Vermont has actually had a secession movement going on for awhile now:

    Time Magazine (January 31, 2010): The Secessionist Campaign for the Republic of Vermont

    The President on Wednesday may have reassured Americans that the state of the Union is "strong," but, just the week before, a group of Vermont secessionists declared their intention to seek political power in a quest to get their state to quit the Union altogether. On Jan. 15, in the state capital of Montpelier, nine candidates for statewide office gathered in a tiny room at the Capitol Plaza Hotel, to announce they wanted a divorce from the United States of America. "For the first time in over 150 years, secession and political independence from the U.S. will be front and center in a statewide New England political campaign," said Thomas Naylor, 73, one of the leaders of the campaign.

    A former Duke University economics professor, Naylor heads up the Second Vermont Republic, which he describes as "left-libertarian, anti-big government, anti-empire, antiwar, with small is beautiful as our guiding philosophy." The group not only advocates the peaceful secession of Vermont but has minted its own silver "token" — valued at $25 — and, as part of a publishing venture with another secessionist group, runs a monthly newspaper called Vermont Commons, with a circulation of 10,000. According to a 2007 poll, they have support from at least 13% of state voters. The campaign slogan, Naylor told me, is "Imagine Free Vermont." In his fondest imaginings, Naylor said, Vermonters would not be "forced to participate in killing women and children in the Middle East."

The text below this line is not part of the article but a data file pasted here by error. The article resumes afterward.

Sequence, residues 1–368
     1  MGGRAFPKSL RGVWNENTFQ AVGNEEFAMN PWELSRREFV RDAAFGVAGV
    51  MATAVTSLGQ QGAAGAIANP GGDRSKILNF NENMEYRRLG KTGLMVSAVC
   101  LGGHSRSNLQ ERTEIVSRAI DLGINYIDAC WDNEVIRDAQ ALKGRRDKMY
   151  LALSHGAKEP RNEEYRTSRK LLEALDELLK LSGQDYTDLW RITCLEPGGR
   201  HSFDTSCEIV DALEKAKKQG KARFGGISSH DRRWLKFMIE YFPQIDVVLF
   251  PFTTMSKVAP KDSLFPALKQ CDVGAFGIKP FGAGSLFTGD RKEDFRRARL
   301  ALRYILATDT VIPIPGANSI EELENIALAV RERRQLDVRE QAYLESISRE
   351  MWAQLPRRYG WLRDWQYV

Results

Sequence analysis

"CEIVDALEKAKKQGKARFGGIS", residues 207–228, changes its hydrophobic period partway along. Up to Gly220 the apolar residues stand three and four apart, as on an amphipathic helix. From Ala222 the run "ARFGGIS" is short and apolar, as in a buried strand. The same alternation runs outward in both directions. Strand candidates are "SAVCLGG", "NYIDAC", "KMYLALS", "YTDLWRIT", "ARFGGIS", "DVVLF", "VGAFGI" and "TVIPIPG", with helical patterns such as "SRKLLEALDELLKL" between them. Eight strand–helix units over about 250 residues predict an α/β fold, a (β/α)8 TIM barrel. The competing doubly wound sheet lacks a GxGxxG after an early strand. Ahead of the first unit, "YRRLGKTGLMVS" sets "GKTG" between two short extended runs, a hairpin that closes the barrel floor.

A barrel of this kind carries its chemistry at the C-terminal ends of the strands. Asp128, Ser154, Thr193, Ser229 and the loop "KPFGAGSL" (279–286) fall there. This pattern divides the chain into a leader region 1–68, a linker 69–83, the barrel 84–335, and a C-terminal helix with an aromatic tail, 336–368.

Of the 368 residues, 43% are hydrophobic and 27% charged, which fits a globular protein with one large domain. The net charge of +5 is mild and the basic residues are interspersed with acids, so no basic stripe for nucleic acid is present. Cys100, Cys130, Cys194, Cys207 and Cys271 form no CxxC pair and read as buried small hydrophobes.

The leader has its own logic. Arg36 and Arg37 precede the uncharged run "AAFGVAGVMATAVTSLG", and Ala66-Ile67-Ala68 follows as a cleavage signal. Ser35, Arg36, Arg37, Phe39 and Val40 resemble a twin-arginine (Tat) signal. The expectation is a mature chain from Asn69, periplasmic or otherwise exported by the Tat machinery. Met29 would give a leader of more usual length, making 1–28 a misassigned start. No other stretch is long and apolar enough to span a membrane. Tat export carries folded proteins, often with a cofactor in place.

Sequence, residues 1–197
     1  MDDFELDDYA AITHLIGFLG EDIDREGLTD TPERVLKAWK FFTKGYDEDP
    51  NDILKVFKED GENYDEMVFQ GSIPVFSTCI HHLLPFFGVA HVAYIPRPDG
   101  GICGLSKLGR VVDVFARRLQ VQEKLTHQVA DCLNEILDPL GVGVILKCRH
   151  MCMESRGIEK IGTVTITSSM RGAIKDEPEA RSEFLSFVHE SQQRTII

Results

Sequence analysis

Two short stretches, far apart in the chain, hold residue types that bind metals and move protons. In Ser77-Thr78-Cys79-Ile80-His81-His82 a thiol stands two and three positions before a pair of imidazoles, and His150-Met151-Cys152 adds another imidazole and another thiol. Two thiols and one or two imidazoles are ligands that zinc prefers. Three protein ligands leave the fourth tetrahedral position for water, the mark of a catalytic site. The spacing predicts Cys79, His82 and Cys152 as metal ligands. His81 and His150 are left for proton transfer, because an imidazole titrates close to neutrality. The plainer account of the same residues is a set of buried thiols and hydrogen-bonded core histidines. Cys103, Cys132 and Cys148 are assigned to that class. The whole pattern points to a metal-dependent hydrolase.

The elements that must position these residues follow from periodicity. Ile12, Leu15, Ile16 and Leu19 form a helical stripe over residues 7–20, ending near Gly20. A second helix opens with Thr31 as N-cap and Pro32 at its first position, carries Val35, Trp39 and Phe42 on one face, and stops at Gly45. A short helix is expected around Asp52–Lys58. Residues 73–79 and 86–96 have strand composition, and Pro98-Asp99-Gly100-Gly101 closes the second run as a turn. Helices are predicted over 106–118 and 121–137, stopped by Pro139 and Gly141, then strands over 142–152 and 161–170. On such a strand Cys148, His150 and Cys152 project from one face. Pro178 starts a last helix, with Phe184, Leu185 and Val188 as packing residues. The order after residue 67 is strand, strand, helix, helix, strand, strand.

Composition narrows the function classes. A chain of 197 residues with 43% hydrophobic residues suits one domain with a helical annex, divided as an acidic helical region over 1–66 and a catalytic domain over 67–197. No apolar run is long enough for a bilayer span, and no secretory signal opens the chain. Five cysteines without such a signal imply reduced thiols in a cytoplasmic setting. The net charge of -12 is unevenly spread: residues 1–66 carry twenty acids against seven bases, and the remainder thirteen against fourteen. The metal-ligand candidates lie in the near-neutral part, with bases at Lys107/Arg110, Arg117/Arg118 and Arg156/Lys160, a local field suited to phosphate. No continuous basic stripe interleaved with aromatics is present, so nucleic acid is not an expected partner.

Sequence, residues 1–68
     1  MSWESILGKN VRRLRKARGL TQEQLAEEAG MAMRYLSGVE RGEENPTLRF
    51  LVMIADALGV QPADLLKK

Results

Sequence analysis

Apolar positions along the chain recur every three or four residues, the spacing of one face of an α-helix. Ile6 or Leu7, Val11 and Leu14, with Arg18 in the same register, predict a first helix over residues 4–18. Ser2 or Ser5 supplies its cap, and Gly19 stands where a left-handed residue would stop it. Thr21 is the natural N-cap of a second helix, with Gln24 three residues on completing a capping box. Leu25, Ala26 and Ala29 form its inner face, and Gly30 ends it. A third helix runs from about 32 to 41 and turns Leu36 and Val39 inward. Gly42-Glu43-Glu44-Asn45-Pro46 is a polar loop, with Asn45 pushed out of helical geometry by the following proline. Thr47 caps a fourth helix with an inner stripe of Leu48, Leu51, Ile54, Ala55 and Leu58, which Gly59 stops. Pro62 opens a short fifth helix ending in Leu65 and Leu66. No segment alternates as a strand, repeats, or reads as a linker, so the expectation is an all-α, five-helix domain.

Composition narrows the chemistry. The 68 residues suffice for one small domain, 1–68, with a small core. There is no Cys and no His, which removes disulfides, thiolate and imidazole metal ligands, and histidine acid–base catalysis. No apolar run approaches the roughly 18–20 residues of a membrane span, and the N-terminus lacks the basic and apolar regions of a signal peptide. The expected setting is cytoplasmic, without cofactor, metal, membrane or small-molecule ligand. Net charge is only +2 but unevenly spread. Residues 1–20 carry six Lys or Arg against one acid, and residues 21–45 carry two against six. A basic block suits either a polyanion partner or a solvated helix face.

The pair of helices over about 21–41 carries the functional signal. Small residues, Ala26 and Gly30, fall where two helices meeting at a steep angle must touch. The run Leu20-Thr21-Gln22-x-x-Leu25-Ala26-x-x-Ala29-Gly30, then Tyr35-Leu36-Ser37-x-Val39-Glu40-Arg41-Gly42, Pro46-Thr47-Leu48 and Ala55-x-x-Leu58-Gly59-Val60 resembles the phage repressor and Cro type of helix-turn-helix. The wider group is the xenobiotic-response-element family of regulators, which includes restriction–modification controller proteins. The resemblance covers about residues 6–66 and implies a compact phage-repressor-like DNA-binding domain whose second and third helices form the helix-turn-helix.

Second Vermont Republic's gubernatorial candidate is Dennis Steele, 42, a hulking Carhartt-clad fifth generation Vermonter and entrepreneur. He owns Radio Free Vermont, an Internet radio station, and honchos an online venture called ChessManiac.com. Steele says that, if elected, his first act in office would be to bring home Vermont's National Guard from overseas deployments. "I see my kids going off to fight in wars for empire 10, 15, 20 years from now," said Steele, who served three years in the U.S. Army. "People in Vermont in general are very antiwar, and all their faith was in Obama to end the wars. I ask people, 'Did you get the change you wanted?' They can't even look you in the eyes. We live in a nation that is asleep at the wheel and where the hearts are growing cold like ice."